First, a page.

A living will is a document drawn up by someone to be used in case they fall terminally ill and are unable to make their medical wishes known. This may mean the person is incapable of communication, has been severely mentally impacted and can no longer issue reasonable instructions or is unconscious. In Alabama, this kind of form is known as a “Advance Directive for Health Care.” This form has six sections, though additional instructions can be added at the desire of the person completing it:
• The actual living will component contains instructions for medical procedures to be followed in the event of terminal illness
• The second section allows for the person signing to appoint someone as their proxy in case of incapacitation
• The third section confirms that the person signing understands what they are signing and must be transferred to the care of another physician if the instructions are not followed
• The fourth section includes the signature and birthdate of the person drawing up the document, as well as the date of signing
• The fifth section has the signature of two witnesses who cannot be related by marriage or birth. Witnesses are not allowed to be potential heirs.
• The sixth section has the signature of the appointed proxy, if any.
By far the most detailed and complicated portion concerns the instructions for a living will. In this section, the person drawing up the document indicates:
• Whether they wish to receive treatment to prolong their life if they are terminally ill or injured
• Whether they wish to receive nutrition or hydration intravenously if terminally ill or injured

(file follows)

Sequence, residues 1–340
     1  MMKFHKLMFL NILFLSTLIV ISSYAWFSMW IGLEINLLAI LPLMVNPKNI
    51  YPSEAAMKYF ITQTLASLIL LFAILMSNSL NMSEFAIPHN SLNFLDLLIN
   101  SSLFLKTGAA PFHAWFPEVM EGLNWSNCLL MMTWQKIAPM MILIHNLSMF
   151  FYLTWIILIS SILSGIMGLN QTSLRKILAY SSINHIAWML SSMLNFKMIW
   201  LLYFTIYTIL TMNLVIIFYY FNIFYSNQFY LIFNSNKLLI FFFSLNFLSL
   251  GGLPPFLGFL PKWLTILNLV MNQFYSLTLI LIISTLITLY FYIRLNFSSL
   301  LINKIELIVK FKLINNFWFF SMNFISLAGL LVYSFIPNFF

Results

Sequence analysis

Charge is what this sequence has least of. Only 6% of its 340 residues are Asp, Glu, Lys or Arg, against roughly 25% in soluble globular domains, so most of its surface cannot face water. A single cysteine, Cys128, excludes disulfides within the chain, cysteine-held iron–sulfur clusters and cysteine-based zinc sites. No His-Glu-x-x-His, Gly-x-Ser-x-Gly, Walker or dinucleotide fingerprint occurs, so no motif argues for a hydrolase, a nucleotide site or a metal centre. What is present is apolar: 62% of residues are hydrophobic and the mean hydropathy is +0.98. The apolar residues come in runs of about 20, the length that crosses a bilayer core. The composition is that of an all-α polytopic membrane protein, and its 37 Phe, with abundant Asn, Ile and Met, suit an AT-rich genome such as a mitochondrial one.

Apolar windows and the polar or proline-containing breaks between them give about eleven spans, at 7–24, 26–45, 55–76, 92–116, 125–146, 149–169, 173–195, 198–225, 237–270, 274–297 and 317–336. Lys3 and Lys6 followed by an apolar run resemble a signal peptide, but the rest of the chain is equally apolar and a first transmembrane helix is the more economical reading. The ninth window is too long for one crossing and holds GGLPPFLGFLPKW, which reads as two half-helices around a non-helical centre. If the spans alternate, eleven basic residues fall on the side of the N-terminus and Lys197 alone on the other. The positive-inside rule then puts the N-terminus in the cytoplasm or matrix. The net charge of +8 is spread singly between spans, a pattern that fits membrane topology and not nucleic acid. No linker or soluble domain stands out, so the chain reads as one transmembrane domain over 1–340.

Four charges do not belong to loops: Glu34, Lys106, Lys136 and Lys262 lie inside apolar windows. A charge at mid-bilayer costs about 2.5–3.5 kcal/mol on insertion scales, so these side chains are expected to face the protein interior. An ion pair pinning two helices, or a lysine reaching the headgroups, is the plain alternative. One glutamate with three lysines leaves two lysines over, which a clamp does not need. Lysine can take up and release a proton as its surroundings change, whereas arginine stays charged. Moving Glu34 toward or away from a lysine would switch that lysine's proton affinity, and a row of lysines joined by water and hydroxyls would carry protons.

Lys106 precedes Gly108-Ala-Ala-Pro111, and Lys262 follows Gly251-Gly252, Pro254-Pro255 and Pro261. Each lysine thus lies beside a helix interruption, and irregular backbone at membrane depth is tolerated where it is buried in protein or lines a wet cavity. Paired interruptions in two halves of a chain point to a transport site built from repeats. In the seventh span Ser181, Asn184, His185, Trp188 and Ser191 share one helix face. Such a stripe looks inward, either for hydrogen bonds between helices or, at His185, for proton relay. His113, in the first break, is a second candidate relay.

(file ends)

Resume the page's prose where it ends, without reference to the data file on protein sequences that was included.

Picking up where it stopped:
• Whether they wish to be kept on a life-support system if they fall into a permanent coma
Additional instructions can be included, covering in detail procedures to be followed regarding such measures as:
• Artificial respiration
Two physicians must agree that there is no reason to expect any kind of recovery before the terms of an advance directive can take effect. Advance directives will not be acted upon if the patient is a pregnant female.
Because the advance directive is a customizable form, additional instructions may be added covering such areas as religious steps to be taken at the end of life.
A person must be at least 19 years of age to draft this kind of document in Alabama. It may be revoked at any time, either by destroying the document or asking another person age 19 or older to destroy the document. It is recommended that a copy of this form be easily accessible at all times in case of emergency. You may want to give a copy to your physician or carry the document on your person. If the person is not in sound mental health, their wishes may be challenged by family. However, physicians who are sure the document is legally valid cannot be prosecuted for following its instructions.